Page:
WORLD PREMIERE of stage adaptation and direction by Matthew Dunster
Designed by Paul Wills
Reviewed by Simon Belt on 01 Mar 2010
The Royal Exchange Theatre in Manchester launched their new season of 2010 with '1984' - a dramatic but disturbing adaptation of George Orwell's cherished novel of totalitarian state control of thought and behaviour.
The Royal Exchange Theatre is very creatively designed to offer an intimate connection with the audience that many similar spaces don’t have, and this production used that intimacy to both invite the audience in and brutally repel them away with a disturbing and unnerving contrast.
George Orwell’s classic text ‘1984’, written in 1948, has been a staple read for many in their youth and became especially popular in the year of its title in response to the miners’ strike of 1984-85. Written just after World War II to expose the blind allegiance to party doctrine by subordinate Stalinist political groups, 1984 has subsequently been used by generations to articulate their grievances at authoritarian state regulation and control.
Winston Smith (played by Jonathan McGuinness), citizen of Oceana and the central character of the book and therefore this play, rewrites history at the Ministry of Truth, where they also systematically cleanse the language of any words that are considered unnecessary (sounds a bit like erasing 'unneccesary' travel today to me), alongside colleagues who spend their time policing the thought processes of their subjects, sorry citizens. When he is handed a note that simply says ‘I love you’, by a woman he hardly knows, he decides to risk everything in a search for the real truth. With the government always watching, we're invited to see if Winston can hold on to what he feels in his heart, or will he renounce everything, accept The Party’s reality, and learn to love Big Brother?
Quite cleverly the production makes use of an anomaly in the anti-smoking legislation to emphasise how far the behaviour police have extended their reach into areas unimaginable in 1948. Scenes showing how the proletariat just get on with their lives and enjoy themselves - drinking, smoking and enjoying each others company - are in stark contrast to the uptight and over-regulating middle class party aparatchiks of the Big Brother state. This paranoia borne of isolation and privilege is in no way dated, although it rather underestimates how far things have moved on since Orwell's day - see this article reporting on ASH's relaxed approach to hyper-regulation today.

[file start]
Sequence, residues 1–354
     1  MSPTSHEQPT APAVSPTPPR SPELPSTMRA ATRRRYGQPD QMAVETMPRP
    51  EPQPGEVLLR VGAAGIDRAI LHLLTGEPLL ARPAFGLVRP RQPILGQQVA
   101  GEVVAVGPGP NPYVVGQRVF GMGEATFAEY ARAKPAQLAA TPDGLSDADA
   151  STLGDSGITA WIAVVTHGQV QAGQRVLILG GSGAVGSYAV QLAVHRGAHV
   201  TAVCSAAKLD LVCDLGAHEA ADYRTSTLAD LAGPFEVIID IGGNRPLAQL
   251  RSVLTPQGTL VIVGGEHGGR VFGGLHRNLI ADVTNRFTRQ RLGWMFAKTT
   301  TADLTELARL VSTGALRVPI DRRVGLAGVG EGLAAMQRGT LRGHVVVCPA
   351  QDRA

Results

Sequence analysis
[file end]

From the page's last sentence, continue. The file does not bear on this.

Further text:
The scene of kids (who I thought expressed great stage presence by the way) picking on Winston to expose any thought crimes he may be guilty of, was surprisingly awkward and out of kilter with the rest of the show. It felt somewhat shoe-horned into the stage craft, especially given that there are now so many examples of this being done quite subtley and insidiously today. For example, kids today having to learn a different version of the 3Rs at school to the ones we grew up learning - namely recycle, re-use and reduce rather than reading, writing and arithmetic - and then coming home to 'correct' their parents' behaviour, would have matched the smoking on stage example.
As an audience you are energetically frog-marched through the story with a superbly interwoven musical backdrop, almost to the point of wanting to join in the escapist trip to the countryside with Julia, author of the 'I love you note', and very confidently played by Caroline Bartleet in this her first performance at the Royal Exchange Theatre. The relentless drive forward of plot through well orchestrated and choreographed scene changes and disorientating questions of who to trust left me feeling like I was living in a series of continually changing 5 year plans - welcome to the authoritarian state machine.
Unsettled before the break, we returned for the pummelling torture process with O'Brien delivering a stunning performance of carefully controlled hate and violence in hopeless domination to break Winston and force him to give up Julia. Having cornered and broken Winston like a caged animal, the masterful O'Brien explains the retrospective justification behind the essentially defensive and self-perpetuating state machine in a faultlesslly engaging summation speech. Matthew Flynn who played O'Brien absolutely exemplified the character of this adaptation in its brutal, intense and yet highly controlled performance.
Lastly, I'd just like to give a big shout out for the whole team behind this production who cohered extremely well, and exemplified through the very high quality and thoughtful programme, which approached the audience's engagement in the themes of the play very well, and dovetailed it with the fascinating exhibition in the Mezzanine Gallery on REALITY TV – a fascinating exhibition on the theme of CCTV by Manchester photographer David Dunnico. The exhibition documents our ‘surveillance society’, the organisations which operate it, the companies that sell it and the people who oppose it and runs alongside the stage play.
Note: Discussing contemporary forms of 1984 style authoritarianism, the Manchester Salon is hosting a discussion on Monday 17 May entitled Freedom and fun: how 'including' the public leads to their exclusion.